Canadian Vending

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Health Canada announces regulations for lead content

Most jewelry doesn’t have labels detailing the metal mix


June 17, 2008
By Canadian Vending

Topics

TORONTO (CP) – Most jewelry doesn’t have labels detailing the metal
mixture, so new regulations announced in June limiting lead content in
children’s jewelry mean that buyers still must beware.

TORONTO (CP) – Most jewelry doesn’t have labels detailing the metal mixture, so new regulations announced in June limiting lead content in children’s jewelry mean that buyers still must beware.

“When buying children’s costume jewelry I would check with the retailer before buying it. If the retailer cannot provide assurance that the item is lead free: Don’t buy it,” said Health Canada spokesman Paul Duchesne.
In Ottawa, Health Minister Ujjal Dosanjh announced new regulations that will limit lead content in children’s jewelry that is imported, advertised or sold in Canada.

“The government has taken a positive step towards protecting the health of children by enacting these regulations,” Dosanjh said in a prepared statement

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Some distributors of costume jewelry produced in Canada complied with warnings sent by Health Canada in 1999. But a retail survey of children’s costume jewelry in May and June 2000 found some jewelry still contained high levels of lead, so Ottawa decided to bring in regulations.

Now the maximum permitted limits for children’s jewelry are 600 mg/kg total lead and 90 mg/kg migratable lead (lead that can move out of an object into surrounding solvent such as saliva). Children’s jewelry is defined as items intended to attract and appeal to a child under the age of 15.

Vancouver-based children’s clothier Please Mum said their current stock doesn’t contain any jewelry, but it has in the past.

“We purchase it from a third party and we use really reputable suppliers,” said Linda Fox, project managing director at Please Mum, adding that they will probably carry children’s jewelry in the future and are already making note of the new regulations about lead content.

“(We are) already partnering with Health Canada and are very much in touch with some of the representatives from our suppliers … making sure we have a quality control process in place that will touch every facet of the company that’s involved: design development and production,” Fox said.

Without labels telling consumers how much lead is in a particular item, it is up to consumers to figure it out. There are some telltale signs that jewelry has a high lead content. Pure lead is heavy, soft, dark bluish grey in colour and has a dull surface. Jewelry with a very high lead content tends to be thicker and the shape or design may not be as delicate as jewelry made of stronger metals. Items with a high oncentration of lead leave a greyish mark when wiped with a white piece of paper.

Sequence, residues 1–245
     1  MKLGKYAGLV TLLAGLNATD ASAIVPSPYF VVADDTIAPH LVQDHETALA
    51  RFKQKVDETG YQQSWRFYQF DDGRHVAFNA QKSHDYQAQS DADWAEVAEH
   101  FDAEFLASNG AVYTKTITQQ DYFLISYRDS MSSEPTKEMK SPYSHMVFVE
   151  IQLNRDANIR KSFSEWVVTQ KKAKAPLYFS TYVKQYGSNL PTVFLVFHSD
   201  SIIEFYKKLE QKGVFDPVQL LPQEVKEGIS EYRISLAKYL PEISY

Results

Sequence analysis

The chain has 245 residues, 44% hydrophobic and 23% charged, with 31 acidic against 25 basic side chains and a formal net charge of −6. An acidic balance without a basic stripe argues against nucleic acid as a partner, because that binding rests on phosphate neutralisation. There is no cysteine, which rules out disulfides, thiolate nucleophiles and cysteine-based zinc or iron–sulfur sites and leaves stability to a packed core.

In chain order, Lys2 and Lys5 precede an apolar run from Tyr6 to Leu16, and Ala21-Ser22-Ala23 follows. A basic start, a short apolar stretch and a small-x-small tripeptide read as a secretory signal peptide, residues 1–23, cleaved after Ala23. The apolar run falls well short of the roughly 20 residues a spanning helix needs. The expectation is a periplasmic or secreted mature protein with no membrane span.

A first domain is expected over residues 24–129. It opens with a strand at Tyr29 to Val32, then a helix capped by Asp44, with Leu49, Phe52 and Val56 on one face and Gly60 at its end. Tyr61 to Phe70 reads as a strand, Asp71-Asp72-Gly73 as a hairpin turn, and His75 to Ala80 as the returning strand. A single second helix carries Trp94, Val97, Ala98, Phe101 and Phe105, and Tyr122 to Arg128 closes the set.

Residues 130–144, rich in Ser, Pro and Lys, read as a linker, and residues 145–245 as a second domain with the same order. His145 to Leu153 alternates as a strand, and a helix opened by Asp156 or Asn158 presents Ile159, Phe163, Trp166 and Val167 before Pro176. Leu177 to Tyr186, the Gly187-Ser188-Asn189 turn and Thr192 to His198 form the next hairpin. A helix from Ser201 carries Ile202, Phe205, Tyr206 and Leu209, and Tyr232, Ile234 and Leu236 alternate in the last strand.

Trying to legislate that children’s jewelry be made without any lead would be cost prohibitive, and much of the costume jewelry on the Canadian market contains lead. Such a prohibition would result in less choice for the consumer, since many manufacturers would not be willing to produce lead-free jewelry for the relatively small Canadian market.

Lead is a soft, inexpensive and easily worked metal that has been used for centuries to make jewelry and other decorative items. But it has been found to be toxic, especially in children and even at low levels as it accumulates in the body. Elevated lead levels can interfere with intellectual development and behaviour of children. To make matters worse, it has a sweet flavour – which makes it more attractive to children who suck jewelry or put it in their mouths.

Health Canada became aware of the problem in 1998, when a five-year-old developed elevated blood lead levels after sucking on a pendant made of pure lead covered with a decorative coating. Similar incidents were reported in the United States. After an Oregon child developed lead poisoning after swallowing a pendant bought in a vending machine, the U.S. and Canada recalled the item.